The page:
VIDEO Psalm 27:1-4 Song The LORD is my Light & My Salvation

Jul 5, 2012

Psalm 27:1-4 (NKJV)
A Psalm of David.

1 The LORD is my light and my salvation; Whom shall I fear?
The LORD is the strength of my life; Of whom shall I be afraid?

2 When the wicked came against me To eat up my flesh,
My enemies and foes, They stumbled and fell.

3 Though an army may encamp against me, My heart shall not fear;
Though war may rise against me, In this I will be confident.

4 One thing I have desired of the LORD, That will I seek:
That I may dwell in the house of the LORD All the days of my life,
To behold the beauty of the LORD, And to inquire in His temple.

Music Copyrighted by Esther Mui. Scripture taken from the New King James Version®. Copyright © 1982 by Thomas Nelson, Inc.

When Others Won’t Forgive

Cross in sand
Forgetting those things which are behind . . . I press toward the goal. —Philippians 3:13-14

I was having lunch with two men who had opened their lives to Christ while they were in prison. The younger man had been discouraged by the fact that the family from whom he had stolen would not forgive him.

“My crime was violent,” the older man said. “It continues to haunt and affect the family to this day. They have not forgiven me, . . . the pain is just too great. At first, I found myself paralyzed by this longing for their forgiveness.” He continued his story: “Then one day I realized I was adding selfishness to my brokenness. It’s a lot to expect that the family forgive me. I was focused on what I felt I needed to heal from my past. It took some time to realize that their forgiveness of me was a matter between them and God.”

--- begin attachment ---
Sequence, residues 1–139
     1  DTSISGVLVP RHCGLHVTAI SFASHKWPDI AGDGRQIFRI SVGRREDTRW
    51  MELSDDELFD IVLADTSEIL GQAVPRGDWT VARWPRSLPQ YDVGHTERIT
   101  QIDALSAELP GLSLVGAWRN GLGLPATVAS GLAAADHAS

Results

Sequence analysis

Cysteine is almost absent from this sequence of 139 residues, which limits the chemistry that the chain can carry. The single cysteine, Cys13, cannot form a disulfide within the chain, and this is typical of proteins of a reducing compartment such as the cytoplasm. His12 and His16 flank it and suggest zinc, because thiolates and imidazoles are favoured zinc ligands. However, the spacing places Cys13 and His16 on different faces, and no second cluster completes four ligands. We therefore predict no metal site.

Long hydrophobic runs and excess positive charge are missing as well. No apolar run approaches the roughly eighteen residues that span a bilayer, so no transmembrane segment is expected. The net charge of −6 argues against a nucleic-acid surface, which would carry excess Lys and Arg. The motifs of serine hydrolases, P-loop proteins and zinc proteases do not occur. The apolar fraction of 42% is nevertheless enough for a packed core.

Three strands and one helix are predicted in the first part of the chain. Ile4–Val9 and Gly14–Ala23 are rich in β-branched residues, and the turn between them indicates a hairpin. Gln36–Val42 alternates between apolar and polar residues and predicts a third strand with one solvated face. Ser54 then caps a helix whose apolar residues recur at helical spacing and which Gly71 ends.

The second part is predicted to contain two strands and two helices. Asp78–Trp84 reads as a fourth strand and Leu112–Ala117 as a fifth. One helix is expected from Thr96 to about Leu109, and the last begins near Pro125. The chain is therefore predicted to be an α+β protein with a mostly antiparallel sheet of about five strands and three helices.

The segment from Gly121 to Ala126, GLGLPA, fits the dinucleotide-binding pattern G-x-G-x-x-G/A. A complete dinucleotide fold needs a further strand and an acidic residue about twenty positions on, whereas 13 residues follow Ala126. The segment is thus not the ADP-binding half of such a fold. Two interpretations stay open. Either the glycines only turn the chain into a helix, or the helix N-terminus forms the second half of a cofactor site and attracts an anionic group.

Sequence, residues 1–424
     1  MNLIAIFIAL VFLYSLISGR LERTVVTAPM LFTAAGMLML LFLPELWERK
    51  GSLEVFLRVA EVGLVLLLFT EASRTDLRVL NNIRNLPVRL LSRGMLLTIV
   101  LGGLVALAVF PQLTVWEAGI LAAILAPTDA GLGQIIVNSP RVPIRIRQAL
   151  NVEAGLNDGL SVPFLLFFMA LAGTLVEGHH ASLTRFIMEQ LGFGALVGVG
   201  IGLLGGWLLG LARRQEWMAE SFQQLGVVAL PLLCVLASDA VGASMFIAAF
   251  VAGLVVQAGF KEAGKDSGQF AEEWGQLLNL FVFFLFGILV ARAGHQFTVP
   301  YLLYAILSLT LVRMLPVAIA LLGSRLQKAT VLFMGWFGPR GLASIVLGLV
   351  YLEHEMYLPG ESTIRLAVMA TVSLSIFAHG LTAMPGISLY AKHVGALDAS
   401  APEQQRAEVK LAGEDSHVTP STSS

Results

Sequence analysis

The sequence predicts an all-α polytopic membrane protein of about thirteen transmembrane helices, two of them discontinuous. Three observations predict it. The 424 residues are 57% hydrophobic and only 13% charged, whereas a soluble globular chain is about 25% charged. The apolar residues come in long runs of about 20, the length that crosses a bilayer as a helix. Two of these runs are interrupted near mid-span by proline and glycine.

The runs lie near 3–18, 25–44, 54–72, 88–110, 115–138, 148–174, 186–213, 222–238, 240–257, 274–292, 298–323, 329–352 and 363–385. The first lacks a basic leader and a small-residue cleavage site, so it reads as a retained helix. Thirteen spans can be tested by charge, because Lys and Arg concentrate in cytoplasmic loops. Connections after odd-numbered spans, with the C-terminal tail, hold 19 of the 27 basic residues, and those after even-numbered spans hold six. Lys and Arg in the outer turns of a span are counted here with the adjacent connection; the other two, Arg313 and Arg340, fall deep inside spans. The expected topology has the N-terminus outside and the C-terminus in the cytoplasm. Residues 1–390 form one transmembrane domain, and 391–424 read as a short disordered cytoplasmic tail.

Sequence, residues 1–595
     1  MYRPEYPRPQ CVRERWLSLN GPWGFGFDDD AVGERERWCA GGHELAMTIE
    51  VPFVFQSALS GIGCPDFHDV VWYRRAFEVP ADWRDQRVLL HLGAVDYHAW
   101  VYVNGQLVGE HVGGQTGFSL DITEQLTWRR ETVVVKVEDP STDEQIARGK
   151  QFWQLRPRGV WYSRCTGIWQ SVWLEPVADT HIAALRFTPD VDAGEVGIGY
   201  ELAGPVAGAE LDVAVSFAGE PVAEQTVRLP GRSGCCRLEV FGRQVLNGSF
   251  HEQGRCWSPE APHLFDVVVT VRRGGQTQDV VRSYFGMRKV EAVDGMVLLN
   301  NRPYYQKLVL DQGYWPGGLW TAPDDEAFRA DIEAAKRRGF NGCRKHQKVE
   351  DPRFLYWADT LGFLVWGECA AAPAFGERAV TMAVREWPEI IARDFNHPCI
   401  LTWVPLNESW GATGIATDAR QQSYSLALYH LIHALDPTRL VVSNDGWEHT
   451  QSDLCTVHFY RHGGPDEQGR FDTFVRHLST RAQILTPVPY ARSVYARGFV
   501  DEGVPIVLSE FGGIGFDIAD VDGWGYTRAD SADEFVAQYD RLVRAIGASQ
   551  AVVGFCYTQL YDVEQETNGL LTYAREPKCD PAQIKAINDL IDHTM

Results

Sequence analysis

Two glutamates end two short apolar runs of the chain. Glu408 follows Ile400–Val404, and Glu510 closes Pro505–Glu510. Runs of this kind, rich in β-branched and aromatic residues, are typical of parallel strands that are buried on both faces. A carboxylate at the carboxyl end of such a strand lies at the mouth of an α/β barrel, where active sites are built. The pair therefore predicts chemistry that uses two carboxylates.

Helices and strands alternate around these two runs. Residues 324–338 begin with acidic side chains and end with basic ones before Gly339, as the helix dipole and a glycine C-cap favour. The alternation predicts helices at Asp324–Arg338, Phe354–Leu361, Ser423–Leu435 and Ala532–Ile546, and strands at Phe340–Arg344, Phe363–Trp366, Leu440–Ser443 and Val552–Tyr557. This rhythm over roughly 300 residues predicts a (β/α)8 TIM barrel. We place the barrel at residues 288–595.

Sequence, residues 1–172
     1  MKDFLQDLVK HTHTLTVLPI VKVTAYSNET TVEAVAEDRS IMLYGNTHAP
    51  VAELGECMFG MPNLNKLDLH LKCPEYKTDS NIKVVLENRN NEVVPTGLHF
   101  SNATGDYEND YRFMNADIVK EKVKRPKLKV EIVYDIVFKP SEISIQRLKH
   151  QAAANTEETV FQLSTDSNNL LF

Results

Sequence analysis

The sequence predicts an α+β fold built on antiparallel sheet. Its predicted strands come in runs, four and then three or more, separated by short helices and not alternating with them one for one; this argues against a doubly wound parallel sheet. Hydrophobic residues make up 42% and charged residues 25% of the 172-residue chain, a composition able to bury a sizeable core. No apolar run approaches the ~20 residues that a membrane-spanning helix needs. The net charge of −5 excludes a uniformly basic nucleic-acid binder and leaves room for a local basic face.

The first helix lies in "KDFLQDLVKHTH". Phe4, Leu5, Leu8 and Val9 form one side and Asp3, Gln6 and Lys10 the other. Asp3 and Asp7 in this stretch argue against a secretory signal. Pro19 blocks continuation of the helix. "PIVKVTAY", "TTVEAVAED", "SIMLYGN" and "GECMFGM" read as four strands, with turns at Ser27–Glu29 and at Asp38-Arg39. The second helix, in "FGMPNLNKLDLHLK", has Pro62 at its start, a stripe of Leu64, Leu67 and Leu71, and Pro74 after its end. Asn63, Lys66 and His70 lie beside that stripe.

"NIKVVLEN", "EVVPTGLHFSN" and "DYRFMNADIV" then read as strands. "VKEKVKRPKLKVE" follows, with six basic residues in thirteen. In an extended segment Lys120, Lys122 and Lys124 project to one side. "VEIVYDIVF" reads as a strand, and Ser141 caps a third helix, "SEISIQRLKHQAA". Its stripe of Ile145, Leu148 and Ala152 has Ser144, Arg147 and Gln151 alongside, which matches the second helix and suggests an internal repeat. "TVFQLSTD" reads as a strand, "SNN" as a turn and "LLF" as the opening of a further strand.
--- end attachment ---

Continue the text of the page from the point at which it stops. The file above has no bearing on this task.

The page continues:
“How can you stand it?” the younger man asked.

The older man explained that God did for him what he didn’t deserve and what others simply can’t do: He died for our sins, and He keeps His promise to move our sins “as far as the east is from the west” (Ps. 103:12) and “will not remember [our] sins” (Isa. 43:25).

In the face of such great love, we honor Him by accepting His forgiveness as sufficient. We must forget what lies behind and keep pressing forward (Phil. 3:13-14).

Paul often uses the metaphor of an athlete running a race to depict the Christian life (1 Cor. 9:24-27; Phil. 2:16; 2 Tim. 4:7). In today’s passage, he compares himself to someone running a long-distance race. Paul had probably been a Christian for about 30 years when he wrote this letter; he was known as the apostle to the Gentiles (Eph. 3:8; Gal. 2:8) and as a teacher of the Scriptures. He could have been content with his own spiritual maturity, but he did not consider himself as having “already reached perfection” (v.12 nlt). Instead, Paul persisted in pursuing Christlikeness (v.10) with the determination and vigor of a runner whose single goal is to be the first to cross the finish line.

Thank You, Father, for the work of Christ on the
cross. Help me to understand and accept what
it means for me, and to be a messenger of that
forgiveness to those I meet along the way.

The work of Christ is sufficient for every sin.

Grace on Display

1 Timothy 1:12-17

Paul described himself as the worst of sinners, and yet someone to whom the Lord had expressed His favor and love (1 Tim. 1:16). Because of divine grace, the apostle became spiritually alive and a member of God’s family. He had a new purpose for living—one that would glorify his heavenly Father and help build His kingdom. From that day forward, Paul’s attitudes and behavior were dramatically different.